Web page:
On July 19, 1989, United Airlines Flight 232 lost an engine and all hydraulic controls on its way from Denver to Chicago, tumbling into the Sioux City, Iowa, airport in a fiery crash landing that was captured on video. Though 112 passengers died, 184 miraculously survived, due largely to the heroic efforts of the crew and rescue workers on the scene.
Tending to those workers and the wounded that day was a United Methodist minister and National Guard chaplain who just happened to be driving by with his family when he saw smoke and went to investigate. Gregory Clapper is now a professor of Philosophy and Religion at UIndy.
“Some of the bodies were still strapped in their seats, and some had been thrown clear,” he recalls. “I approached some of the wounded passengers who were lying on the ground and talked to them briefly. I asked if anyone was still trapped in the wreckage, and they pointed toward the cockpit. I ran up to the cockpit and talked to some of the crew members while they were still trapped.”
Clapper later wrote a book about the experience, When the World Breaks Your Heart: Spiritual Ways of Living with Tragedy, and made a cameo appearance as himself in an ABC-TV movie starring Charlton Heston.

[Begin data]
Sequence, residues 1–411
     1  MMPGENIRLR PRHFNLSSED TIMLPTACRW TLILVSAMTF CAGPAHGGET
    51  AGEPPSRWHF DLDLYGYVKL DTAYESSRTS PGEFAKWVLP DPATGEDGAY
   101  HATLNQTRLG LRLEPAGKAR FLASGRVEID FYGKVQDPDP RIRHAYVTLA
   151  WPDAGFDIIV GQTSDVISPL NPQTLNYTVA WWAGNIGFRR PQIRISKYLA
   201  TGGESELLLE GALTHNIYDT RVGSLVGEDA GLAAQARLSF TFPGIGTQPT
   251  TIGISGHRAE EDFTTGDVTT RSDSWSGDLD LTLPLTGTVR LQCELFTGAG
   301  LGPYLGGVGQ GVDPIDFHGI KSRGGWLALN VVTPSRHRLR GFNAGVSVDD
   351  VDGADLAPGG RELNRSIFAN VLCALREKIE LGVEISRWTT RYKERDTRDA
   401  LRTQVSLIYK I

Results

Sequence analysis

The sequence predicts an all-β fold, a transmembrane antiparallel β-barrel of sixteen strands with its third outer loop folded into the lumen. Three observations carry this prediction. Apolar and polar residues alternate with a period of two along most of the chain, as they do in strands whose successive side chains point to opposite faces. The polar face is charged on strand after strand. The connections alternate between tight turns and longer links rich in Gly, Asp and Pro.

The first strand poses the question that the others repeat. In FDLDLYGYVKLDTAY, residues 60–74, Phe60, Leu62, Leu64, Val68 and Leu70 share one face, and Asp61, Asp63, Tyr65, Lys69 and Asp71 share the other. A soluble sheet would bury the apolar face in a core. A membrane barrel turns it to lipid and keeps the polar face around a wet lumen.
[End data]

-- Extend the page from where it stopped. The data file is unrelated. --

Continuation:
This year, the survivors, the Sioux City community and the loved ones left behind will mark the 25th anniversary of the incident with a series of events. Clapper will emcee the official anniversary memorial service July 19 in Sioux City and will preach at three worship services the following day.
He also was interviewed extensively for a brand-new book, Flight 232: A Story of Disaster and Survival, written by Laurence Gonzales and published by Norton & Co. Publishers Weekly has called it a “gripping narrative,” and Amazon has listed the title among its “Best Books of the Month” for July.
Working at the Flight 232 crash site has informed Clapper’s academic work at UIndy and his 24 years of service as a commissioned chaplain in the U.S. Air Force, retiring recently as a colonel. He deployed overseas five times during the first and second Gulf Wars, served three stints as a chaplain on the psychiatric ward of the U.S. Army hospital in Landstuhl, Germany, and served four years on the headquarters staff of U.S. Africa Command in Stuttgart, Germany.
Survivors of tragic events are often left wracked with guilt, he says, feeling they could have done more to save others. The feeling can be spiritually devastating unless they learn to let go.
“Once we stop pretending that we can control everything, we can move ahead with the humbler, more modest tasks that we can control,” Clapper says, “being gentle in response to anger, actively listening to a friend’s painful story, visiting someone in the hospital or prison.”